Even forming new relationships is hard for Turner, because she knows her stay in Kentucky will not last much longer.
One of her closest friends, Katie Brown, started traveling to Haiti with Turner in 2015 after realizing she wanted to help hands on.
“The passion Brooke has for the kids inspired me to get involved and do more than just send money. Sending money doesn’t compare to being with them in person,” Brown said.
“My heart broke the minute the plane touched down. For miles all you could see was destruction,” Brown said about her first visit.
Traveling across the sea takes more than just a big heart. It takes funds as well. A plane ticket alone can cost upwards of $800. Turner and Brown have both raised money by selling t-shirts in the past.
Over winter break, Turner returned to Haiti for the first time after Hurricane Matthew hit the country.
This was also Turner’s first time traveling to Haiti without a friend.
“Unfortunately I will not be going with Brooke this December to Haiti because of family medical issues, but I will be supporting her as much as I can,” Brown said. “That is why I am helping sell headbands to raise money.”
Turner visited the central part of Haiti during her winter trip which meant she avoided a lot of the hurricane damage.
“We didn’t see any destruction really,” Turner said. “All of the streets are dirt and they got a lot of flooding, but it had obviously dried out by the time I went.”
Turner said going alone this time was good for her because she was able to experience Haiti in a different way.
Instead of selling t-shirts this trip, Turner thought of the idea to create headbands to sell as she was skimming the fabric aisle at Hobby Lobby.
“I honestly saw the fabric and thought it would be a cute headband for me,” Turner said. “Then my roommates all wanted one, so I thought, why not sell them?”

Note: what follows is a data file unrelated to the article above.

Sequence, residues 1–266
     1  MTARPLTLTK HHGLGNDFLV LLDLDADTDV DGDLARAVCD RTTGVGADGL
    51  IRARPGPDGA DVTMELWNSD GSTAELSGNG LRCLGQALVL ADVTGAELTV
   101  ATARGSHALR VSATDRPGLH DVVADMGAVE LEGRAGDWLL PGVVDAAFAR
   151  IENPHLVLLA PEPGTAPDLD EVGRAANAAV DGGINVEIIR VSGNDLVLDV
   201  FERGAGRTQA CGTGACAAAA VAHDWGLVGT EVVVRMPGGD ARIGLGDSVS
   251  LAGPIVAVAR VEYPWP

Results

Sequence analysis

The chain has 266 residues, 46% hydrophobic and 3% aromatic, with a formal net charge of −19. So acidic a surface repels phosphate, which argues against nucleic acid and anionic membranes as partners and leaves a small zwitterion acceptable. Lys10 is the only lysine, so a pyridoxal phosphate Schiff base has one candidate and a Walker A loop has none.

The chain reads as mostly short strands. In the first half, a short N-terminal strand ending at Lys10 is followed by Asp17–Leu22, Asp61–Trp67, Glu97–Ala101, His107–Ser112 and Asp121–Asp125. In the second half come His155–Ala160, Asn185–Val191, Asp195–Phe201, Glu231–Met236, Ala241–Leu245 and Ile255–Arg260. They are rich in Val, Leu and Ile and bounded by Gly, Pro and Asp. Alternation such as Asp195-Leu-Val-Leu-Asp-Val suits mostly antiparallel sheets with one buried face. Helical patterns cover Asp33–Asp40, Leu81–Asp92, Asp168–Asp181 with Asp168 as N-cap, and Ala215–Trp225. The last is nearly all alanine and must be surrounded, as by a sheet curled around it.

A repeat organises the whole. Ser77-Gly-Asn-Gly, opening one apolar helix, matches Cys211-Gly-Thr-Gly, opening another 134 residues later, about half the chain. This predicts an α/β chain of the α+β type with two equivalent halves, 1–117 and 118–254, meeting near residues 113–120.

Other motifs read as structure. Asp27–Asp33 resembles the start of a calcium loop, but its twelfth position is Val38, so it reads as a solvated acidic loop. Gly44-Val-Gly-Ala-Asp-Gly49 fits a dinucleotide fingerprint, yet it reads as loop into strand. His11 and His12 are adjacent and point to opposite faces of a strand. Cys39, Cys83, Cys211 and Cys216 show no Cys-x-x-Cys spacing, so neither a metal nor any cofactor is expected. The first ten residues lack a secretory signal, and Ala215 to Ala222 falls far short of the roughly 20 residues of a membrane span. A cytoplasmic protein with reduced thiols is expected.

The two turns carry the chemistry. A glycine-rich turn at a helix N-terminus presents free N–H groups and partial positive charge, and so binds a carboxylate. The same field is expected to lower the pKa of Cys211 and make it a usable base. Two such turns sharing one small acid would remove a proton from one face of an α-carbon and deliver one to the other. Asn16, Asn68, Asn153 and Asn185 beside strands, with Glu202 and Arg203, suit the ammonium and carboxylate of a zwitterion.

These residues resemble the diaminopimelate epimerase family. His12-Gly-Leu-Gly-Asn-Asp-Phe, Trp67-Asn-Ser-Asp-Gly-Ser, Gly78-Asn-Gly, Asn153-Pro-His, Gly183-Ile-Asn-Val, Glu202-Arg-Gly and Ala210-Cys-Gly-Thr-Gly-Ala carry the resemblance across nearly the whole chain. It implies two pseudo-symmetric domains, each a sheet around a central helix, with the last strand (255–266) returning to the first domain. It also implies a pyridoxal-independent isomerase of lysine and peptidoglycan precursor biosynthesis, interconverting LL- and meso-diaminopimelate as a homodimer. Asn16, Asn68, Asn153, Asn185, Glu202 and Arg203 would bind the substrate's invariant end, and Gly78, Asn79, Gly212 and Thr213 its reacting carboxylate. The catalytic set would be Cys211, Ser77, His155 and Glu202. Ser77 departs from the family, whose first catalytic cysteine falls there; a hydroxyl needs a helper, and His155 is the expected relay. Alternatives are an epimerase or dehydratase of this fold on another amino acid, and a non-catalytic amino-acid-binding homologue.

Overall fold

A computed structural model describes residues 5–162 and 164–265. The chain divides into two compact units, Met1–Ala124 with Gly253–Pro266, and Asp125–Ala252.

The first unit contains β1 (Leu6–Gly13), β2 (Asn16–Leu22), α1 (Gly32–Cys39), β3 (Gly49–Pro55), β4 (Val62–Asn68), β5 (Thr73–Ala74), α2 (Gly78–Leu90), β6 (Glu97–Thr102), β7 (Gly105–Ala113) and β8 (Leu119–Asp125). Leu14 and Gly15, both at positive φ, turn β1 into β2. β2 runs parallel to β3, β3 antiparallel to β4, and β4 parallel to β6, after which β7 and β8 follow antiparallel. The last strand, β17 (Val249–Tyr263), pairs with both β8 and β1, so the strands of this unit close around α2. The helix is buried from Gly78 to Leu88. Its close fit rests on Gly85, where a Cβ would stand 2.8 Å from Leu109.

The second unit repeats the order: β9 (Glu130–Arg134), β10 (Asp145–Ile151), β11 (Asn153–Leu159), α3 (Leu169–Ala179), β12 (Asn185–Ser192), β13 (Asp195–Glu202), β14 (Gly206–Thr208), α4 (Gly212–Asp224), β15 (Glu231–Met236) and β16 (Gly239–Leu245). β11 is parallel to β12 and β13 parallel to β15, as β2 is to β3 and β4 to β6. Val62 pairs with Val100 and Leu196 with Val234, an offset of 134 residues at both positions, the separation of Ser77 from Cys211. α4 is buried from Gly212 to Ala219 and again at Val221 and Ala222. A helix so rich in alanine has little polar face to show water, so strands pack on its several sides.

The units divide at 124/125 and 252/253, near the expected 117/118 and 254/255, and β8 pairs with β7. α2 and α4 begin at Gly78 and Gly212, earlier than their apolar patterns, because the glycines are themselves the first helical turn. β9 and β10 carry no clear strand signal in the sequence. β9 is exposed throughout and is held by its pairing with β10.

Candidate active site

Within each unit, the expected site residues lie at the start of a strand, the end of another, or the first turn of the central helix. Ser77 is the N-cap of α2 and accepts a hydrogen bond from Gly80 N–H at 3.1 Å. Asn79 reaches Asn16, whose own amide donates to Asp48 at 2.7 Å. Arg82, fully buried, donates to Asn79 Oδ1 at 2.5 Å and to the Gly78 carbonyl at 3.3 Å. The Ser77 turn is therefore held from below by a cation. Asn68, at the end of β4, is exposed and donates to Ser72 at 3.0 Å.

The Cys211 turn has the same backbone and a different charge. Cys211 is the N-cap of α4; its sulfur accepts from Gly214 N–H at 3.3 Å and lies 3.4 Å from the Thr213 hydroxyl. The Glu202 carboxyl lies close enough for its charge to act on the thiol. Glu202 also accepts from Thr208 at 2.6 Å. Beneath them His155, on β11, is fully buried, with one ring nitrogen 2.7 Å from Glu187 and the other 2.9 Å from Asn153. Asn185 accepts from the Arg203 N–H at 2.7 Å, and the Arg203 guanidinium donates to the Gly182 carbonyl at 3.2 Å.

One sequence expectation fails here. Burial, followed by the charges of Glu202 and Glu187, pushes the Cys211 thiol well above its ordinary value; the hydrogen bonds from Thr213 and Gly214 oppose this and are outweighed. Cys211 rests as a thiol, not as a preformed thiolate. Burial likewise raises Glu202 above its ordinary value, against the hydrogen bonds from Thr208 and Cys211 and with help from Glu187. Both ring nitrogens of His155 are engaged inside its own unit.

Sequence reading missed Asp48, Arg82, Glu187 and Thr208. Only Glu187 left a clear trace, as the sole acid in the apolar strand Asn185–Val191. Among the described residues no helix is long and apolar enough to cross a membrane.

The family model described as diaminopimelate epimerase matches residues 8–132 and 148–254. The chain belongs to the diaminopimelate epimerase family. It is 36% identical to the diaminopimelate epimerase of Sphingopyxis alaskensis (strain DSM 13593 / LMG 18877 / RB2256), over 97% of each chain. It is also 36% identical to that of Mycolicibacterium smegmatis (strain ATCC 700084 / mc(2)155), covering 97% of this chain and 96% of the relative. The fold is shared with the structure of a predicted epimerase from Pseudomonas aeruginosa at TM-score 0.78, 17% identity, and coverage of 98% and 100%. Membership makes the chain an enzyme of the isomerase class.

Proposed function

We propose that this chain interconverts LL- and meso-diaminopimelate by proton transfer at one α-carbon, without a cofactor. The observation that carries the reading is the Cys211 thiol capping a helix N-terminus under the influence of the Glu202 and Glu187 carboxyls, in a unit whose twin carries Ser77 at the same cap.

Turner, who lives with three other girls, used them as models to create awareness for her fundraising. So far she has sold $370 worth of fabric.
Where her heart is
Kylie Cain, a roommate and Turner’s former Younglife student, is inspired by the amount of love Turner gives away.
“Haiti is typically all Brooke talks about, and that is not a bad thing,” Cain said. “She loves the Lord and other people so fiercely it rubs off on everyone around her. Living with her has been such a blessing.”
“I remember picking her up from the airport in July and noticing a change in her eyes,” Cain said, as she was sitting beside Turner on their living room couch. “She was happy to be home with her friends, but I know she left a part of her there.”
Turner released a soft smile as she realized Cain was right.
“I have built my life in Kentucky. My friends are here. My school is here. My family is here,” Turner said. “But my heart is in Haiti. When I am there, it just feels right.”
Courtney Vasseur, who has never been on a mission trip before, considers it now that she lives with Turner.
“The desire Brooke has for Haiti is beautiful. She strives to be the best student she possibly can be while helping others who aren’t as fortunate,” Vasseur stated.
Walking through the front door of their home is a direct sign missionaries live there. Above the couch are multiple framed photos of the children in Haiti, along with a globe that reads, “Go and make disciples of all nations”.
In Turner’s room, a part of Haiti is hung on each wall. Right above her computer desk, there are photos of her with the orphans and symbols of Haiti. There is even a sign that states in bold letters, “Graduate college so you can move to Haiti”.
“The hardest part is knowing life is still going on there and right now I don’t get to be a part of it,” Turner said. “After graduation, that will all change. Then, I’ll be making a permanent difference.”